D.C. student, Master of Sport Health Science student, Sports Chiropractic Club President
“A Rising Tide Raises All Ships”
Native Floridian Paul Boss spent a fair amount of his early years with family and friends outdoors, at the beach and on the water. He lived with his mom, his brother Kyle and sister Lauren, and he also has a long-term girlfriend named Mackenzie currently studying Optometry back in his home state. Reflecting on his past, Boss remarked that it was inspiring for him to see how his mom “worked hard to pour into [them] everything that she had to watch [them] succeed.”
As a teen, Boss could often be found playing a variety of sports, leading nicely into his future interest in Sports Chiropractic. In his search for a chiropractic program, he looked at a number of schools. After talking with a friend who was a Life University (Life U) alumnus and hearing lots of positive feedback after shadowing chiropractors that had studied at Life U, Boss felt that this University would best meet his professional needs. He had worked at a chiropractic office before coming to Life U as well, gaining all kinds of knowledge that propelled his decision.
“One of the biggest things I noticed when I was deciding was that, of all the chiropractors that I had worked with or shadowed, the Life U graduates seemed to be the best leaders, and that was a category that I put myself in and something I was striving to become,” said Boss. “Just seeing how well they were able to lead their practices and serve their communities was inspiring to me so that put Life U at the top of the list.”
Boss’ friend and now fellow D.C. student Tony Gagne encouraged him to attend LIFE Leadership Weekend (LLW), and that experience further solidified Boss’ faith in the chiropractic education offered at Life U, helping him to connect with future friends and colleagues. Prior to attending Life U, Boss had completed his undergraduate studies at Florida Atlantic University, a Bachelor of Science in Education- Exercise Science and Health Promotion. His previous university had been much larger in terms of student enrollment, but Boss appreciates the sense of community he has found at Life U.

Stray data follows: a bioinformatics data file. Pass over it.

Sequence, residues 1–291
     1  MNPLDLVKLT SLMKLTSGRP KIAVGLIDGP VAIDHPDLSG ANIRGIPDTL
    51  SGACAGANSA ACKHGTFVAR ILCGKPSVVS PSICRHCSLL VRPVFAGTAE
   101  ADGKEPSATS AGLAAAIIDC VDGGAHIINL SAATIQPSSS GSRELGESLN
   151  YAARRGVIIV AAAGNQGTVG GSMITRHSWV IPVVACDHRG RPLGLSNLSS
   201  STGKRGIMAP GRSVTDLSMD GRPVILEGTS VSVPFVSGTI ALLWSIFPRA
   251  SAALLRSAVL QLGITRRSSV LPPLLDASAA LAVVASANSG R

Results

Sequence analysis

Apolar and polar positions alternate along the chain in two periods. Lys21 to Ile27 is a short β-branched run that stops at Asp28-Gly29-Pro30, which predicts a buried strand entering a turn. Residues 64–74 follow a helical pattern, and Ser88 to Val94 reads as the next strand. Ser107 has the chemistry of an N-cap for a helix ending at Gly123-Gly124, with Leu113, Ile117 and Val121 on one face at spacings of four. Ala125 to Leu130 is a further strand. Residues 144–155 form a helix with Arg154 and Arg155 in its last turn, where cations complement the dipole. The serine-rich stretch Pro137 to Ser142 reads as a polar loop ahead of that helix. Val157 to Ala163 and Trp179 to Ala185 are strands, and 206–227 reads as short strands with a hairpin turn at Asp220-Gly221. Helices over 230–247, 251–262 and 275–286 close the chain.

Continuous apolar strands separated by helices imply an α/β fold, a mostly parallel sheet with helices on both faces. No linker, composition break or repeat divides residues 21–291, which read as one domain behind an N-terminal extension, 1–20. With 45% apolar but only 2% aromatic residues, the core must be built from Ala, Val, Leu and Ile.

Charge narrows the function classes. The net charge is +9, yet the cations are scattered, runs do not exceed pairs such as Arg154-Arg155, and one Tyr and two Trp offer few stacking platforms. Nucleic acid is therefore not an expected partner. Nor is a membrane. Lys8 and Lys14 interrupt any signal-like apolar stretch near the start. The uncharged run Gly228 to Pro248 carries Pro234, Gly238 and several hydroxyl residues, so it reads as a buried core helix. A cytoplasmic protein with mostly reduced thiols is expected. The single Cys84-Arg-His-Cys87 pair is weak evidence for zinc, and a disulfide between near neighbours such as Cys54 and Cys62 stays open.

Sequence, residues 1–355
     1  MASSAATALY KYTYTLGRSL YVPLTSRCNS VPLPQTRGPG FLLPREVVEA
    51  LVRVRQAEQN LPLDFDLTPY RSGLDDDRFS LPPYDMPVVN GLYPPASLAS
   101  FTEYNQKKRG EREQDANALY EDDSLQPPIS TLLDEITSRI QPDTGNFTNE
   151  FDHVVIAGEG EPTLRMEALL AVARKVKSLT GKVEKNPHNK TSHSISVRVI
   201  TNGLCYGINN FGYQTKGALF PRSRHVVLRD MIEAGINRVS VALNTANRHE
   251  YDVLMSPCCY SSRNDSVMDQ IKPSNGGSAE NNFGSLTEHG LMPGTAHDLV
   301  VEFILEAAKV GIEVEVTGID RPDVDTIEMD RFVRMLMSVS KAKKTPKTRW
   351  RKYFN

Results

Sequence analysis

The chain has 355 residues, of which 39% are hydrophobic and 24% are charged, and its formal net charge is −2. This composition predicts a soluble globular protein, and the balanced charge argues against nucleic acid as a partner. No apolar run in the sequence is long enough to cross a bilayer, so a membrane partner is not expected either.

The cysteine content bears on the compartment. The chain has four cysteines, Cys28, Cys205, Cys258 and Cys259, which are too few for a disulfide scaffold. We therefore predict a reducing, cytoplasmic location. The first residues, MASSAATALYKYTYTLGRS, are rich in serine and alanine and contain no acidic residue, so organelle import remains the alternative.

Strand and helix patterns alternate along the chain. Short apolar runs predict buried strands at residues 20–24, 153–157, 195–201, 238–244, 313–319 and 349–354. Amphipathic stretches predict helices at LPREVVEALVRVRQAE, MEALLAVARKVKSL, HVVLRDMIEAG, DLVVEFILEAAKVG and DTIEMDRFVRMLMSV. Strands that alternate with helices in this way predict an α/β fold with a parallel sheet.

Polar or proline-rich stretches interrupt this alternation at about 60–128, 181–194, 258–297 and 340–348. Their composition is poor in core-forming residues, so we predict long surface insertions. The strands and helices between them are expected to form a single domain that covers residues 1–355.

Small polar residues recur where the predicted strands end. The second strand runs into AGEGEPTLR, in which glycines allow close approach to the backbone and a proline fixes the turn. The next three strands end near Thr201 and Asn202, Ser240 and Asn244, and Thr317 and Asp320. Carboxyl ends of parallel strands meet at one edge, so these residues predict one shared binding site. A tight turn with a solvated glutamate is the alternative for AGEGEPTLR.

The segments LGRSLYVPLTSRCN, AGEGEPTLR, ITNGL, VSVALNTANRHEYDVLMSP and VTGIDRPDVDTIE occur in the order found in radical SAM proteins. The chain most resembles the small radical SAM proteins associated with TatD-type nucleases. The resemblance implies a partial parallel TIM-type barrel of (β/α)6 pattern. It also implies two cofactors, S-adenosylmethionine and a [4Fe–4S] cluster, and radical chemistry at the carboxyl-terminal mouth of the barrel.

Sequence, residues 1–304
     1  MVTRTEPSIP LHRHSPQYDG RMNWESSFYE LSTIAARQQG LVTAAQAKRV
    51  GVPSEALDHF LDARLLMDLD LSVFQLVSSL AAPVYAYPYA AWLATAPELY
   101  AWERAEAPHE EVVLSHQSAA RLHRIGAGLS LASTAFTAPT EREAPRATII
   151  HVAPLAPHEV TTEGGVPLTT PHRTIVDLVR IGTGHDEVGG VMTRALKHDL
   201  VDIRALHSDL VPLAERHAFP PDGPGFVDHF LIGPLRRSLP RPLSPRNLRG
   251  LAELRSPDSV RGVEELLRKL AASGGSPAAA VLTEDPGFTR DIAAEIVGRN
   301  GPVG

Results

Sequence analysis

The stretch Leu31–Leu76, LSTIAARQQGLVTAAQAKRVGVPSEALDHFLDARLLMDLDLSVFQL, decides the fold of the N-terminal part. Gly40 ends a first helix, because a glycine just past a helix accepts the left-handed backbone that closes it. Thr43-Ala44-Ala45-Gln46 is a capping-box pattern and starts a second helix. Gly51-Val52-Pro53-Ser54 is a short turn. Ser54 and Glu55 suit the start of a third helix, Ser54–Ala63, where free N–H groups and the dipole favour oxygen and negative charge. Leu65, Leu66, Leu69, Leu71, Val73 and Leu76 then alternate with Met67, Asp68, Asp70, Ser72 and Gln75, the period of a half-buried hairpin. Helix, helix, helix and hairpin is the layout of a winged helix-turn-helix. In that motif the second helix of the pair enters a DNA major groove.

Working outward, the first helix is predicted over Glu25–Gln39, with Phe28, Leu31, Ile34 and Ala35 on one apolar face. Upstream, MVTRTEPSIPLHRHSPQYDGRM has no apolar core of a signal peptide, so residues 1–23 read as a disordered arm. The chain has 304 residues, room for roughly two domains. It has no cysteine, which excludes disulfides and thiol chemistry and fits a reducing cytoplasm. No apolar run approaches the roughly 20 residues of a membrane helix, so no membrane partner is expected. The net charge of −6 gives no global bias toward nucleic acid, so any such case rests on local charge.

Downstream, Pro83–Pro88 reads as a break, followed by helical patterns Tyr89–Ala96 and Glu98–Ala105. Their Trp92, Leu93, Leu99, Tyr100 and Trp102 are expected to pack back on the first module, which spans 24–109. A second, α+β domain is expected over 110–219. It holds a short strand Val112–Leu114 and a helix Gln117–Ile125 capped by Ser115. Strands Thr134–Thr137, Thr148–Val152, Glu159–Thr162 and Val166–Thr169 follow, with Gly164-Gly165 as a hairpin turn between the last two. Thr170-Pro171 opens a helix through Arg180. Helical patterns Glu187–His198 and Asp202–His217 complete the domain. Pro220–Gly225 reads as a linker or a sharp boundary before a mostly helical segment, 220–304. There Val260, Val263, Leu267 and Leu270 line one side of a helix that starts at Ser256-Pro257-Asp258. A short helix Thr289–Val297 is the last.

“Our quarter is a very close quarter, and you just get the feeling that everybody is rooting for you. No one is trying to tear you down on the way to their own success. Everyone kind of gets the mindset that a rising tide raises all ships,” said Boss.
Besides his D.C. studies, Boss is also concurrently working toward a Master of Sport Health Science, which becomes “a bit of a jigsaw puzzle” at registration. However, with careful planning, he manages to get everything in. It’s an interesting balance as both programs demand different challenges from a student and also often take place in different places on campus – D.C. typically “on the D.C. side of the creek” and the master’s classes on the “master’s side of creek,” as Boss sees it.
When Boss is not juggling his class work, he dedicates a good chunk of time to his duties as President of the Sports Chiropractic Club. The club meets Thursdays in Mod 7A and B from 5:00-7:00 p.m. He describes the club as a “treatment paradigm” founded and based around three key pillars: Mobility, Stability and Motor Control.
“Once you gain mobility and you are able to move the joint, then it has to be able to become more stable to prevent injuries. And once you can control that movement, mobility and stability, then you are able to get motor control,” explained Boss.
Boss also detailed how club members learn to evaluate a patient’s health based on varying levels of focus. First, there is the global focus, which looks at the overall health, functioning and nervous system aspects of a patient. Then it is time to take a regional focus, to look at a specific extremity or specific area of interest. And finally, local, attending to a particular joint.
“At the core of it all, how does a chiropractic adjustment affect or improve athletic performance? And not just in athletes, but in everybody else? […] We like to use those principles and that treatment paradigm that we use to treat athletes on a spectrum because we look at athletes as people that had reached their optimum performance and almost as a roadmap that everyone can follow along their own way,” said Boss.
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